WordPress.COM vs. WordPress.ORG
Last week we created this new site ‘Meeting In The Media’ as a free blog hosted by WordPress.COM.
WordPress.com is a website that acts as both the host for your website, and the website builder. The ‘website builder’ is the WordPress software that allows you to make the site; the ‘admin’ user interface, where you can create new posts, pages, customize the theme, and more. It’s an all-in-one package, ready to go as soon as you sign-up – all in one place.
SquareSpace.com, format.com, CargoCollective, even Tumblr.com are similar to WordPress.COM; these are examples of websites that both host your blog or website, and also provide you with their own user interface software to go along with it; one complete package.
WordPress.ORG is a little different – you can download and install the WordPress software (above referred to as ‘website builder’), but you you have to find a host on which you can install this software. You have to install your WordPress.org package on a different host website; WordPress.org doesn’t host your website, but it provides you with the user interface, WordPress ‘widgets,’ and more, that are part of WordPress software that you use freely with WordPress.com.
In fact – the WordPress.ORG software has more features than the software you use with a WordPress.COM site.
NetWork Solutions and SiteGround.com are a few examples of sites that host other websites using outside software; you can download the WordPress.org software, and host that package on one of these host sites in order to build your website.
You can read a bit more about the differences and capabilities of .com vs. .org on this WordPress.com help thread: https://en.support.wordpress.com/com-vs-org.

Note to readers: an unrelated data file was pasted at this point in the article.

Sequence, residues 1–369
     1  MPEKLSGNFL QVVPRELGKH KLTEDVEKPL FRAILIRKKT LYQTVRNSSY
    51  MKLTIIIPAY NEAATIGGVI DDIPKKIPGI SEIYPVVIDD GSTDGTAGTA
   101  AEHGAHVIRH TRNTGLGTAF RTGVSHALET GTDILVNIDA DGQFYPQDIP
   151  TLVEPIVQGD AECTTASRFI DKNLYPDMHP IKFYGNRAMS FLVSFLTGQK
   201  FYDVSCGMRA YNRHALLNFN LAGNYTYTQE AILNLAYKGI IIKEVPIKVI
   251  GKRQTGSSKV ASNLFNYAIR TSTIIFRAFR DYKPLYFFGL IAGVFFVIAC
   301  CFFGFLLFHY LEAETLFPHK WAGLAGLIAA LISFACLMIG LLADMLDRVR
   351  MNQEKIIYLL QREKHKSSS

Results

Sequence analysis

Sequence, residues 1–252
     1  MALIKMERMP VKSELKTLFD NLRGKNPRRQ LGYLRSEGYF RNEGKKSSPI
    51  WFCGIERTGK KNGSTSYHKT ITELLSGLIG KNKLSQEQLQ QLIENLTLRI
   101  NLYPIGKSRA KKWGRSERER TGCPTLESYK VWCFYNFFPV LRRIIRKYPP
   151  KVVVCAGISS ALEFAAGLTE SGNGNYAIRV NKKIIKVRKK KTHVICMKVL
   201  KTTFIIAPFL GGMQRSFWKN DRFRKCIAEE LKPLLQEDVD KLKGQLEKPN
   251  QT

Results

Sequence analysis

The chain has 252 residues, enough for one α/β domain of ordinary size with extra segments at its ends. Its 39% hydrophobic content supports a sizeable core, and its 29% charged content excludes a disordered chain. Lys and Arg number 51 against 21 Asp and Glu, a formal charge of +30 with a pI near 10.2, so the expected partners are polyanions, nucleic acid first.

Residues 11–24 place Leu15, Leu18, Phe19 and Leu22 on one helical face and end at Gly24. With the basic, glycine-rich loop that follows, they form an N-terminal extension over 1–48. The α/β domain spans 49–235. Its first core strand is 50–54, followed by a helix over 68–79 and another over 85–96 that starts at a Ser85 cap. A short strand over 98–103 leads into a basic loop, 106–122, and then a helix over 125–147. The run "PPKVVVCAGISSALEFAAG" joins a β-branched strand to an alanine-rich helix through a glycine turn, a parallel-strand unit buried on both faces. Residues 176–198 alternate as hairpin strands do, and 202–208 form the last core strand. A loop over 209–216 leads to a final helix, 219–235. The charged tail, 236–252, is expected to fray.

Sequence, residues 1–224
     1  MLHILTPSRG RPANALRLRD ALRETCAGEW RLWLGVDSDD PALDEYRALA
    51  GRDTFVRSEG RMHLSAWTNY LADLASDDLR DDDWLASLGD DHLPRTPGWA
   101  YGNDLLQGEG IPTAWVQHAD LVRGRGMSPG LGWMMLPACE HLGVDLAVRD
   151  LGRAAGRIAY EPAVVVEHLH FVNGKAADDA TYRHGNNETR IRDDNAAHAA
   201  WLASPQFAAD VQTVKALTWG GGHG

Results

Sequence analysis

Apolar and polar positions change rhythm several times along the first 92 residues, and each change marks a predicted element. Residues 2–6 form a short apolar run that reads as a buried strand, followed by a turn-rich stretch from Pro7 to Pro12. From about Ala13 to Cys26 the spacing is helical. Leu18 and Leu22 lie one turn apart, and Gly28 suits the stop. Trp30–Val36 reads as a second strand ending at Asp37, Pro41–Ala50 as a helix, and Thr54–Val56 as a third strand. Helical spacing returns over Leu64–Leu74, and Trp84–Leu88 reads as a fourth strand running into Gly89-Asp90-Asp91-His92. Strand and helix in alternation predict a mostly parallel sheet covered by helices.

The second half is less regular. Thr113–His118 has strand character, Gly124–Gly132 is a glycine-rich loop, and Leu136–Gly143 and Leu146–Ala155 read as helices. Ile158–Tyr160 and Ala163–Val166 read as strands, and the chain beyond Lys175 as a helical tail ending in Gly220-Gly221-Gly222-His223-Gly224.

It may seem daunting, but many websites will even offer a free transfer of your current WordPress.com site onto their host, so you can create your own WordPress.org. One such site is SiteGround.com, mentioned above – the host site with which I chose to host my WordPress.org.
Once you purchase a hosting package with a website and install the WordPress software, you will be able to log into your ‘wp-admin’ panel as usual. The admin panel, or user interface, that you see when you log in will look very similar – however, there are extra items that work with WordPress.org that are not available on the simpler .com.
For example, you will be able to use new features with ‘JetPack‘ on WordPress.org, which offers many additions and widget-like functionality unavailable on a .com site. Check out this JetPack download on the .org site for additional info.
Check out these two screenshots comparing the ‘admin’ panel on a .com site and what it looks like when you install the WordPress software from WordPress.org.
You will be able to use WordPress the same way – even better, in fact – once you’ve installed the software and its been setup; the admin panels look nearly the same. You can also read more differences between .com and .org in this article by Kaumil Patel on GreenGeeks.com.
Permalinks, or the permanent link URL auto-generated when you make a new post, are something you can’t change on a .com site. However, you are able to customize your permalink options when you create a .org site. Even if you upgrade your .com site through a WordPress.COM payment plan and decide to pay for additional functionality, such as the ability to change the font and colors for your website theme, this ‘permalink’ feature is unavailable for .com sites.
There are many reasons you may want to consider a .org site over a .com site if you want additional functionality – my reason was simply permalink customization, believe it or not! Then again, you may be content with whatever WordPress.com has to offer.
One great thing about WordPress.com ‘themes’ is the fact that your theme is updated when changes are made to it by the theme developers. With WordPress.org, you will have to download updated themes manually, and some may not be compatible with new versions of WordPress releases if the developer didn’t update the theme for a .org site. I also noticed that some features that are instantly and always available on your WordPress.com dashboard will have to be added manually, or through a JetPack connection.
You will have to make some more changes manually, of course, but if you are interested in learning and customizing pretty much every aspect of your site, WordPress.org can be a great learning tool.
We researched and did some tests of my own, and we learned that a .org site would be better for what we're trying to do with MITM. Considering the site's goal is to learn and teach others, we can use WordPress.org as a great learning tool for this website and future projects.